Thanks. One reason they did that was they were orignating on MD (and
CDR) and another was that they were syndicated and the "network" online
format was MD. They wouldn't have done it for only the tertiary reason!
Your reasoning is very sound, and I wasn't questioning that.
Deeper question: how are gold CDRs more archival? They still use
chemicals for the coding, so is it just the better reflectivity? And I
am unfamiliar with the term MAM-A. Pardon if this is too elementary,
but I am here to learn as long as it doesn't bother the real
archivists! I'm small time myself compared to many of you... If I need
to brush up on basics just send me there and I'll be quiet!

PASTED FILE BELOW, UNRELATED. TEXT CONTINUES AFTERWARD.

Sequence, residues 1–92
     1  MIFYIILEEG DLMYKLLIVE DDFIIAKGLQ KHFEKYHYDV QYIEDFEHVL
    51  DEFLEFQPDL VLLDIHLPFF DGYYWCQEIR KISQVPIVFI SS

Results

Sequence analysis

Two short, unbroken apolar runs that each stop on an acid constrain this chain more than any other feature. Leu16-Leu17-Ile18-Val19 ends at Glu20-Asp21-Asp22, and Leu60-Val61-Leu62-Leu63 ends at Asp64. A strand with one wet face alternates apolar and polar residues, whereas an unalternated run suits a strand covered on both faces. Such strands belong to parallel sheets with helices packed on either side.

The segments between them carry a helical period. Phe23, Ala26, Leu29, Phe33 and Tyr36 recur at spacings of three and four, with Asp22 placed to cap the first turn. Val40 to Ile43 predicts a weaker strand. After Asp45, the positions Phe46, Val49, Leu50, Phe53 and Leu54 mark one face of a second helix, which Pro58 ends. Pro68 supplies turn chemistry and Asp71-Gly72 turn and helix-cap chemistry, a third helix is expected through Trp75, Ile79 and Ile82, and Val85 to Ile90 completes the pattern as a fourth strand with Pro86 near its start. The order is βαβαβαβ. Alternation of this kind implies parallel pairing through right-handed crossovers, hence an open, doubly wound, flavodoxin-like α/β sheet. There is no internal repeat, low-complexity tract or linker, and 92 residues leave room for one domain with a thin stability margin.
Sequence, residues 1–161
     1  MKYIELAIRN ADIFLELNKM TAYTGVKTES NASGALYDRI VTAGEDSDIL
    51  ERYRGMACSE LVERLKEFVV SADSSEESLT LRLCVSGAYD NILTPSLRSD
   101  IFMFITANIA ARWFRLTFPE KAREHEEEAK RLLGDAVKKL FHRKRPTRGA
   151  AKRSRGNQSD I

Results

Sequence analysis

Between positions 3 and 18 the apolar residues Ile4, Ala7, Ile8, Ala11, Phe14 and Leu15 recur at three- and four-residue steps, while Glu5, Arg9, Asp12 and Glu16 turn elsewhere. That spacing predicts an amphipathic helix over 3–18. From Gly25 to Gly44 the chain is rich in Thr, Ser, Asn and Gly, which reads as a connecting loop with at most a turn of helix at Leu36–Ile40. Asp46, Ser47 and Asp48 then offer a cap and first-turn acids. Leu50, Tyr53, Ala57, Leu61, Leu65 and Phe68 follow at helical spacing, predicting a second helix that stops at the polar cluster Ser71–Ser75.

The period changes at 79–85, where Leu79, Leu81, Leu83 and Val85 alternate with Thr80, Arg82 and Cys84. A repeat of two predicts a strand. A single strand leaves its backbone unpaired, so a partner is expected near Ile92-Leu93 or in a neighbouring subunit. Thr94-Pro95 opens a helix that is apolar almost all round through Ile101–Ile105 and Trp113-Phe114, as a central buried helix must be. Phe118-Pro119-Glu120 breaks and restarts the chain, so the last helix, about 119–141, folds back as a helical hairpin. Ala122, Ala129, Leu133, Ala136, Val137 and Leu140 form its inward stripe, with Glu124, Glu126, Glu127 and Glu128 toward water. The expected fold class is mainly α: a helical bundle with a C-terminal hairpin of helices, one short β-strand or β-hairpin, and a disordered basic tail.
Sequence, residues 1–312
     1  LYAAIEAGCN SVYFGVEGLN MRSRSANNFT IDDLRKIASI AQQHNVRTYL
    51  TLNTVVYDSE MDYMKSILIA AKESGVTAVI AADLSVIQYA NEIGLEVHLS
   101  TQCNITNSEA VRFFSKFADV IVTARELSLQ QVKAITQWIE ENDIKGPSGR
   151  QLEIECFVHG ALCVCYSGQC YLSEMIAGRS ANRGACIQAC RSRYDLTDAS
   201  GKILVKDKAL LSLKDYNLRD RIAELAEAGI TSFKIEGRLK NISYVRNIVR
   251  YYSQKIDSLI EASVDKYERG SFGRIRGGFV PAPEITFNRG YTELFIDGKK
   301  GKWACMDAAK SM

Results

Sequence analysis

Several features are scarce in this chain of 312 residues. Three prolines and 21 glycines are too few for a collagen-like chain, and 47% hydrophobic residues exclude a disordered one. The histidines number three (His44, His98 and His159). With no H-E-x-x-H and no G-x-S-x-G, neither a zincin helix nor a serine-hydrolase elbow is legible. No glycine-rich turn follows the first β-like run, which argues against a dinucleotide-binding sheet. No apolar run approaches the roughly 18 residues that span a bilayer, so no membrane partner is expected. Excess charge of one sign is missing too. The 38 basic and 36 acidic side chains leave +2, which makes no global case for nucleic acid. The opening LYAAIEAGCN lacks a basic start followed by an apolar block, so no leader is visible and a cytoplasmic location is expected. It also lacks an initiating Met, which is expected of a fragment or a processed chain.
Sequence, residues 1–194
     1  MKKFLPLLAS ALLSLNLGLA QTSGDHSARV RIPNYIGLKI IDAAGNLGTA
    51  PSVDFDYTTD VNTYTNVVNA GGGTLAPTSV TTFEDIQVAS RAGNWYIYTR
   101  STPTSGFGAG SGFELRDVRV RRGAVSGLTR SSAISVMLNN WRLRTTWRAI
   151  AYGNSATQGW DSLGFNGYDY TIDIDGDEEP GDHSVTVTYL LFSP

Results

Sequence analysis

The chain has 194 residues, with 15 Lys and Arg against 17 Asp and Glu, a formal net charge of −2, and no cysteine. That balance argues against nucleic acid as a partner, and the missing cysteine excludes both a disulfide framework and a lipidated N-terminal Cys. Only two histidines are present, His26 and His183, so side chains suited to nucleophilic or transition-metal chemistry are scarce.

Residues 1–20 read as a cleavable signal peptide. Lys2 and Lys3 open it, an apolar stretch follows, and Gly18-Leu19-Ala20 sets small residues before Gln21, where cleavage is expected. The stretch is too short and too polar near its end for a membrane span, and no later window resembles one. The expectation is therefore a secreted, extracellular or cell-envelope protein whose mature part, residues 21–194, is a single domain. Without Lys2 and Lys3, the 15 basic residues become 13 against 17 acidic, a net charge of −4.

Lou Judson • Intuitive Audio
On Oct 13, 2005, at 3:36 PM, Richard L. Hess wrote:
> You raise good points about the M-O structure of MDs. I hope I was
> careful to address the player issue in my original post. Your friend
> may be correct, but I believe most life-time analysis has been done on
> industrial M-Os not MDs. I'm sure not trusting my stuff to MD. I
> consider it a capture medium, not an archival medium.
> There have been both manufacturer and independent testing about the
> longevity of the Phthalocyanine dye used in the MAM-A discs. It is
> claimed that this is a Mitsui patent.
> I suspect that the writing drive is an issue for both MDs and CDs.
> Jerry can chime in with more details here.
> I'm using managed disc drives for much of my current storage and I am
> a fan of managed storage in the data domain. I am not a fan of
> dedicated formats in general for archiving. I make an exception for
> gold audio CD-Rs as they are readable in computers as well as audio